Fourth, this post is getting way too long, but let me take some time to point out the hypocrisy of Evangelicals such as Rick Boyer. If two consenting adult men have sex, Evangelicals are outraged. If two consenting adult lesbian women get married, Evangelicals are outraged. From gay sex to non-married hetero-sex to teenage blow jobs, Evangelicals are outraged. Quoting a plethora of Bible verses that many of them secretly ignore, and calling on God to judge America, but just don’t judge them, they demand Biblical justice be meted out to these unwashed, uncircumcised Philistines. What happened to grace and forgiveness? Well Bruce, Josh Duggar and Bill Gothard confessed their sins, God forgave them, and they promised to never, ever, one time, I mean never, never ONE time, touch a little girl or young woman again. Those queers, adulterers, and fornicators refuse to stop their sin, so there is NO forgiveness for them!

Way too many Evangelicals naïvely believe that people such as Josh Duggar, Bill Gothard, Jack Schaap, Geronimo “Pastor G” Aguilar, David Hyles, Jimmy Swaggart, John Paulk, Jack Hyles, Paul Crouch, Douglas Goodman, Ted Haggard, Earl Paulk, Paul Barnes, Lonny Latham, Michael Reid, Todd Bentley, Tony Alamo, Eddie Long, Gilbert Deya, Coy Privette, Joe Barron, George Rekers, David Loveless, Isaac Hunter, Sam Hinn, Paula White and uncounted other Evangelical superstars, have stopped doing what got them in trouble.  Why should they stop screwing church members, abusing children, and acting in ways most respectable people would consider decadent? Just pray, be contrite, promise never to do it again, wink, wink, and all is well.

What these modern-day Elmer Gantrys have learned is that Evangelicals are gullible, always ready to love, forgive, and forget. Perhaps some of them have learned their lesson and stayed on the straight and narrow, but my gut and six decades of exposure to Evangelicalism tells me that what has really happened is that they have learned to be more careful. I am of the opinion that all the Jesus, praying, and forgiving in the world won’t fix a child molester. Those who desire and molest children will continue to do so until they are stopped. Anyone who thinks Josh Duggar’s or Bill Gothard’s behaviors are one-time events, never to be repeated, is either ignorant or fell on his head when he was a kid. This is why I support the incarceration (and treatment) of child molesters. Children will never be safe as long as we treat child molesters as sinners who can be fixed by God, prayer, and forgiveness.

Is Josh Duggar a pedophile? I don’t know. I do know he molested five girls and this is enough for me to say that he should never be allowed near children. Mark my word, in a few years Josh Duggar will write a book and start a ministry that will extol the wondrous grace of God; how that God forgave and delivered Duggar from his sins. And many Evangelicals will embrace him as the father did the prodigal son. All will be forgiven and no one will consider whether Josh Duggar might be a pedophile who should never, ever be allowed to be near children again.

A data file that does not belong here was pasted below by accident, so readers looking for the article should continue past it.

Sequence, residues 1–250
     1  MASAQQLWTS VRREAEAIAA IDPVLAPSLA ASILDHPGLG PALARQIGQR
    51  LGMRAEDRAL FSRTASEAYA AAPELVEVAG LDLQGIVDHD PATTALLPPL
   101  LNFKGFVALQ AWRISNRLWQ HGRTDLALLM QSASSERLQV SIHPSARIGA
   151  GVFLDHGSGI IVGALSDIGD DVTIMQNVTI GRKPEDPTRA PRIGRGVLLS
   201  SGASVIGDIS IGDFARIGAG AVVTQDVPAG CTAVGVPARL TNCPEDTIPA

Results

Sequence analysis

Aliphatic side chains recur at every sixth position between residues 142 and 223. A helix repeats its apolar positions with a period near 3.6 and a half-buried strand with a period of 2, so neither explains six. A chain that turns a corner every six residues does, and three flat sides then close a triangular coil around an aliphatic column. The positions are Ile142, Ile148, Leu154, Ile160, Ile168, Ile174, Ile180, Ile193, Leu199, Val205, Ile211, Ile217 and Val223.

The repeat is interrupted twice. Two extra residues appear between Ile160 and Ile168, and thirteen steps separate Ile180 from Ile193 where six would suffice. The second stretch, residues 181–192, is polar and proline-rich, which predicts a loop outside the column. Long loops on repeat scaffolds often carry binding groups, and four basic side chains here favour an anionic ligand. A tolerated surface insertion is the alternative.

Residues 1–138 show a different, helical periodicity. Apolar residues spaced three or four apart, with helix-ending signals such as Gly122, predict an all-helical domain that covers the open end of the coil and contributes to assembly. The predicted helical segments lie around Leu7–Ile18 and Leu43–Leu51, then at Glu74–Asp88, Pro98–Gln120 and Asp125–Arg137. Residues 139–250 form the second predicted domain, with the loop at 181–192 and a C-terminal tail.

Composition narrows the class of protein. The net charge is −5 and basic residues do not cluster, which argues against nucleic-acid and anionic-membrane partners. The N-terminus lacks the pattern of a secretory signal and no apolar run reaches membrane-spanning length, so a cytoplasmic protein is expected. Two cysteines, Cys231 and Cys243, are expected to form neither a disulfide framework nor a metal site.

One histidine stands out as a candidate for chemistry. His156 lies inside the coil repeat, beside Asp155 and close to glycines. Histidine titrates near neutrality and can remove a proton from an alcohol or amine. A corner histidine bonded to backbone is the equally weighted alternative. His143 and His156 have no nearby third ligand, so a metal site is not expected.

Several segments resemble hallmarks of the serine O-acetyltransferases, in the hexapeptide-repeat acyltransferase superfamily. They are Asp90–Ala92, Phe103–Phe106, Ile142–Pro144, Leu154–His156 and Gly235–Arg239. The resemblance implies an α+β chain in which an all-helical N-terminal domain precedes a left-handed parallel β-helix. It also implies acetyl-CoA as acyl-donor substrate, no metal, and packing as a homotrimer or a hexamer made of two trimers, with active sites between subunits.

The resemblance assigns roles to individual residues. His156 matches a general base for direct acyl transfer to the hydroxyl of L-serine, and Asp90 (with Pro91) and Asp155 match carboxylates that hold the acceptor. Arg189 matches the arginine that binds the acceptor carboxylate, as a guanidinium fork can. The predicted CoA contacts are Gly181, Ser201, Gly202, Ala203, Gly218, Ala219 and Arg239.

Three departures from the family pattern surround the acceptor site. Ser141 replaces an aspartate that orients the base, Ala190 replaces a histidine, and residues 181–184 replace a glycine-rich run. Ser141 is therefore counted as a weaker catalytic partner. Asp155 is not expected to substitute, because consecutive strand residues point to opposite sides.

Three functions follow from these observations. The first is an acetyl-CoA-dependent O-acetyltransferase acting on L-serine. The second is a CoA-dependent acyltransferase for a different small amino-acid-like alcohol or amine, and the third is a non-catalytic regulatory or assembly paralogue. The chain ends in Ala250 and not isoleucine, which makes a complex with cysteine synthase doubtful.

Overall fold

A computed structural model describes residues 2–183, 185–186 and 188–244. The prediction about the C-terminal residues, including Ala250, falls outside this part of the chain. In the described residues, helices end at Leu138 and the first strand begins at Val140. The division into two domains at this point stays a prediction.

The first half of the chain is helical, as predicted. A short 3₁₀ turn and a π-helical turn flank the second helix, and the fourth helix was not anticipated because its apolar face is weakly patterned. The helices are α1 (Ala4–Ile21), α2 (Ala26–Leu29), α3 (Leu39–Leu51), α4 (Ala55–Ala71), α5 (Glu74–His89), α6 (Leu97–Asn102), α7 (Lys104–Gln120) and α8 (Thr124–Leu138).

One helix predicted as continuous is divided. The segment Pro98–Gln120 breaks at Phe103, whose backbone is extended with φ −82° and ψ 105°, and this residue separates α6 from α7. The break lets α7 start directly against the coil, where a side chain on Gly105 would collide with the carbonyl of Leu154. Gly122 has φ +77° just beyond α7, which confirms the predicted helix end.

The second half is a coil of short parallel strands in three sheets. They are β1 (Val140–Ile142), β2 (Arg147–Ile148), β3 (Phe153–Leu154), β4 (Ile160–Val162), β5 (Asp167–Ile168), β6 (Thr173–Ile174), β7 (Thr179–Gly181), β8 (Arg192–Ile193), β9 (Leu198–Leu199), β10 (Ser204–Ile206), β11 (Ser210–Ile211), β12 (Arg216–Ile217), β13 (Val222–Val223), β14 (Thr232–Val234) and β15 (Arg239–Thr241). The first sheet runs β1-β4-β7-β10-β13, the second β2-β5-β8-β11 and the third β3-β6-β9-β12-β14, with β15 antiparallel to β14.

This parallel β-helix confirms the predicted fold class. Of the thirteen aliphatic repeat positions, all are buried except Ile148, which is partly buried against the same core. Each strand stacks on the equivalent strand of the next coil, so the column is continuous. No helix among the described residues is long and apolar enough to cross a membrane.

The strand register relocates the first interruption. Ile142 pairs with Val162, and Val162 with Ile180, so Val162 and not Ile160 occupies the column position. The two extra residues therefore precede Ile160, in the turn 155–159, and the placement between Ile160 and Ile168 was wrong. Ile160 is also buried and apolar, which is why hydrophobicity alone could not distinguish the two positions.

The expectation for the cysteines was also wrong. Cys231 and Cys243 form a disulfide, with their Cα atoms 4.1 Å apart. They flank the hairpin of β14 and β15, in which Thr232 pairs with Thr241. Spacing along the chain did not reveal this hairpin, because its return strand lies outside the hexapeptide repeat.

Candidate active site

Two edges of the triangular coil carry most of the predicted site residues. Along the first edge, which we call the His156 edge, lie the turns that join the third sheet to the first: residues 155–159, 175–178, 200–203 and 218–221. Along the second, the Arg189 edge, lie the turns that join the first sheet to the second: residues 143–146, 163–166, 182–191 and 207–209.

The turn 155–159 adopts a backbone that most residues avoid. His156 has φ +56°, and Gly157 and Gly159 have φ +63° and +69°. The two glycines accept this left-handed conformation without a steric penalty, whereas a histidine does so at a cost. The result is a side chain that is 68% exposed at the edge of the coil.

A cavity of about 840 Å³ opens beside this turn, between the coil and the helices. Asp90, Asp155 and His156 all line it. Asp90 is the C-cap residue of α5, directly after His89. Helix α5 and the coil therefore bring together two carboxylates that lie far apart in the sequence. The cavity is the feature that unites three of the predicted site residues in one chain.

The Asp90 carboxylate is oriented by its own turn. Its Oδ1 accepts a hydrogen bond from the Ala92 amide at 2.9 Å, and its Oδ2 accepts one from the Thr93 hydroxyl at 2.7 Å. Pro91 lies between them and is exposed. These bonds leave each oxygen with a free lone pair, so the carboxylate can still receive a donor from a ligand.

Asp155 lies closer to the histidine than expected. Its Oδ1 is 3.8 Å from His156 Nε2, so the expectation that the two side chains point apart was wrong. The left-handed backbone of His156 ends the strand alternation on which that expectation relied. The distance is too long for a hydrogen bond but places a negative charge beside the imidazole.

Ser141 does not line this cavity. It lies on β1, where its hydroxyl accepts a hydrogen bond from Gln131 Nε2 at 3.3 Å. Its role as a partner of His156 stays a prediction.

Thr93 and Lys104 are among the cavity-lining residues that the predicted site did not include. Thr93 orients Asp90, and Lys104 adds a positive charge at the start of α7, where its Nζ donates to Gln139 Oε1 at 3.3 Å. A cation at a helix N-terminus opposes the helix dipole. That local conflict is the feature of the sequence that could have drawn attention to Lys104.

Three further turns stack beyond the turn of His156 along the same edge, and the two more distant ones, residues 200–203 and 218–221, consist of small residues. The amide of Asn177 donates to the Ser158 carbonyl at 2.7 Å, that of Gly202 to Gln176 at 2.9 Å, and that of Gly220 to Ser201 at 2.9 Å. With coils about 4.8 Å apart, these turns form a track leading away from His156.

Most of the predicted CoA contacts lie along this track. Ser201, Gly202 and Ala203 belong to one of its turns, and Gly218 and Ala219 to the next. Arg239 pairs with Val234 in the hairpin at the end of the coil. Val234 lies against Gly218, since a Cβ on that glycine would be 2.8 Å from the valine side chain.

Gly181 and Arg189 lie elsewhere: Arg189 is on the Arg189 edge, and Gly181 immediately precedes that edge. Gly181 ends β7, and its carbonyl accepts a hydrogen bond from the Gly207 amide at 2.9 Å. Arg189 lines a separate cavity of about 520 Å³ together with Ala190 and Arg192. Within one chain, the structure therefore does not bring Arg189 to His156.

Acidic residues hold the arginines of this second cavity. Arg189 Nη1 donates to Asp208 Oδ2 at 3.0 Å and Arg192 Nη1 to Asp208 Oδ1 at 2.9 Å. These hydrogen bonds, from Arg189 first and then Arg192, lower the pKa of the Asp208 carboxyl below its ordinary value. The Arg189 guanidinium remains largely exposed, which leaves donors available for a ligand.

Bruce Gerencser, 63, lives in rural Northwest Ohio with his wife of 42 years. He and his wife have six grown children and thirteen awesome grandchildren. Bruce pastored Evangelical churches for twenty-five years in Ohio, Texas, and Michigan. Bruce left the ministry in 2005, and in 2008 he left Christianity. Bruce is now a humanist and an atheist. For more information about Bruce, please read the About page.

Thank you for reading this post. Please share your thoughts in the comment section. If you are a first-time commenter, please read the commenting policy before wowing readers with your words. All first-time comments are moderated. If you would like to contact Bruce directly, please use the contact form to do so. Donations are always appreciated. Donations on a monthly basis can be made through Patreon. One-time donations can be made through PayPal.

Christians Say the Darnedest Things: Sex with Your Spouse Without Consent is Just a Mistake

lori and ken alexander

It was heartbreaking to see so many Christian women claim that this man who had sex with his wife in the middle of the night without her consent, agreeing with the masses that he had raped her. Where is grace in the marriage? Where is forgiveness, bearing with him, and enduring all things as clearly stated in 1 Corinthians 13? Where is a biblical marriage? This happens one time and most of the women jumped on the worldly train claiming he raped his wife.

Some women did get it, however. They love freely by giving their husbands sexual intimacy and wouldn’t mind if they were woken up in the middle of the night having sex with their husbands. They can’t understand the women who deprive their husbands sexually and claim that this man committed marital rape. These women are living sacrifices as God calls them to be and love being help meets to their husbands in every way. They truly love their husbands!

Some said that what this man did wasn’t marital rape but it was inconsiderate and wrong. Isn’t this the time that we, as God-fearing women, believe in showing grace and mercy for this one discretion? What if he did this several times a year? Then do we call it marital rape and help tear this marriage down? Let me ask you, how many times has God forgiven you? How many times are we told to forgive others? If you don’t know, please begin reading your Bible.

— Lori Alexander, The Transformed Wife, Showing No Grace in Marriage, October 9, 2019

How the Christian Practice of Absolute Forgiveness Harms Others

mennonite-child-molester